10 Most Important Soft Skills to Learn in High School

By Casey Welch
April 28, 2020

High school is an important phase developmentally for all people, as it lays the groundwork for a healthy adulthood. These are the years when kids master mature thinking, goal-setting, relationship-building, and critical thinking. They’re also the years when they start solidifying their core characteristics or the “soft skills” that make them who they are and make them desirable to hiring managers.

These soft skills — the non-measurable, interpersonal skills and characteristics of a person — are just as important as the “hard skills” we gain from studying so hard and getting good grades for four years. Where foreign languages, math skills, and technology know-how are considered core hard skills that make you technically qualified for a job, soft skills like being a team player and having good communication make you more likely to get hired.

10 Soft Skills to Learn in High School

Because of this, one of the best pieces of career advice to give to your high-schooler (or yourself, if you’re the high-schooler) is to focus as much on those soft skills as the SAT scores, grades, and awards that will eventually be put on college applications. Explore the list of soft skills below to discover some great ones to hone.


High school is often the first time a person is asked to work in a group for a project or presentation, and the experience can be genuinely formative. In group work, kids naturally sort themselves out — leaders emerge while the less-engaged fade into the background — and discover their strengths and weaknesses as they pertain to working with others. The ability to collaborate and be a team player is crucial in the modern workforce, so it’s definitely a skill to master.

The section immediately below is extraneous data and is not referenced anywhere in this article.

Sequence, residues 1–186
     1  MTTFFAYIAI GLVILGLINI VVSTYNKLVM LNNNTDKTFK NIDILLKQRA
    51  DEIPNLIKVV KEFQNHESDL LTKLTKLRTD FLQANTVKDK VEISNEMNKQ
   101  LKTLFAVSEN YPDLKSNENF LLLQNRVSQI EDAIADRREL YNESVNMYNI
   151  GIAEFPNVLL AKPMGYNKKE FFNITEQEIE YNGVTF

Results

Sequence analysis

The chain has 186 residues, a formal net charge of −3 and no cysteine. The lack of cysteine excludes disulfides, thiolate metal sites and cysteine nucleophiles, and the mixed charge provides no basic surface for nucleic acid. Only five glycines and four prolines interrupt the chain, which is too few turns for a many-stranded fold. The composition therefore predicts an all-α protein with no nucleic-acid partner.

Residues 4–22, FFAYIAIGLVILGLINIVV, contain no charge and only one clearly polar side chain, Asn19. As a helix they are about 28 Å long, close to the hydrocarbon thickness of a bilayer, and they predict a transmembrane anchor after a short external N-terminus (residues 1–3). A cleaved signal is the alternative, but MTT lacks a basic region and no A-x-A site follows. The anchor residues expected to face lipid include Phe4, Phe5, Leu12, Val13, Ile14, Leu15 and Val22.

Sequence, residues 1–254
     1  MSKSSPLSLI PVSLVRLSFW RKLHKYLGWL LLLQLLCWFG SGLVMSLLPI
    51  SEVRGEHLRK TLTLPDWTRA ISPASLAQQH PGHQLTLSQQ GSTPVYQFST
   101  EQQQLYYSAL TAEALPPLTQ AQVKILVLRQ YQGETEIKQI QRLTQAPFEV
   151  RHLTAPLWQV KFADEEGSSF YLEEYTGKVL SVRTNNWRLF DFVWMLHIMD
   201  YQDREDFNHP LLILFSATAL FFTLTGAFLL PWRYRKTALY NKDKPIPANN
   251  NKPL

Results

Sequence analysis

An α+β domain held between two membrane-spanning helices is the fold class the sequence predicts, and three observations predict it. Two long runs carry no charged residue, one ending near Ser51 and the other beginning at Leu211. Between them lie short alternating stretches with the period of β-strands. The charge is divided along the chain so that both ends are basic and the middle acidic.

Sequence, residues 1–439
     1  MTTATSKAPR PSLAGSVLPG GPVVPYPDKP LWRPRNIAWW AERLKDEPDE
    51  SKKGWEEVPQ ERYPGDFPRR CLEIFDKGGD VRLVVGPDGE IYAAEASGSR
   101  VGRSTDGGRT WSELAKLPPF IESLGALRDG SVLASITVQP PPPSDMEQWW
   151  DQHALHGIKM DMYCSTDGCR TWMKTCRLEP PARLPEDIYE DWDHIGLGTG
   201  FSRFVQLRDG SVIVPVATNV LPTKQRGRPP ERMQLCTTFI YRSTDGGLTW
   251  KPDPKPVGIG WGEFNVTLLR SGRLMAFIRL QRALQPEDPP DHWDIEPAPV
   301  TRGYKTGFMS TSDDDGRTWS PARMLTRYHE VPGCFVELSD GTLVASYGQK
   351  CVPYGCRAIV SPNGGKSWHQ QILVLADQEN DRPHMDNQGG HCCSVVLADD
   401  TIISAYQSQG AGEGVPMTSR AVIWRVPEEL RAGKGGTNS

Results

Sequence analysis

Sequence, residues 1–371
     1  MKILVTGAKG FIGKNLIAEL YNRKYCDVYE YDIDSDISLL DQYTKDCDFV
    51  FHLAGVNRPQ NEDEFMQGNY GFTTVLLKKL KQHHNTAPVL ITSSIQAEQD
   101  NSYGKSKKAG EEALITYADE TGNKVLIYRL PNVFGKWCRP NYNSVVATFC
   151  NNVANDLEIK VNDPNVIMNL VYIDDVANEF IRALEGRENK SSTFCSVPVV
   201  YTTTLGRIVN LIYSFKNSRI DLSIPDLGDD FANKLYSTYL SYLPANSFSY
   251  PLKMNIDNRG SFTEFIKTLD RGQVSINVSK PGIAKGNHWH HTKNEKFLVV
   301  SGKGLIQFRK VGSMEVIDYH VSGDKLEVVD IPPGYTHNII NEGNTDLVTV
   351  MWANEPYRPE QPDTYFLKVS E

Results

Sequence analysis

Similarly, high school kids spend much of their time in exploratory phases that may lead to strong or weak levels of self-confidence. Positive reinforcement and encouragement of self-exploration help kids grow into strong, self-assured adults who trust themselves when trying new things. Sports, hobbies, and time with friends all help students build up their self-confidence.

Critical Thinking

The earliest instances of critical thinking tend to happen in the pre-teenage years, and it’s important that parents and teachers foster them. This skill is all about having the ability to question oneself and others, and to understand that not everything is as it looks or seems. Critical thinking is thought to help students better navigate their entire lives, even after they graduate.

Two teens in yellow dresses laugh in front of a white bench.
Eye for Ebony, Unsplash.

Work Ethic

Research shows that establishing work ethic through chores in childhood can lead to success and greater responsibility in adulthood. The pre-college years are vital in helping youngsters build a positive relationship with the things they may not necessarily want to do — tasks around the house, homework, etc. — and this helps them find joy in these things so they continue to do them.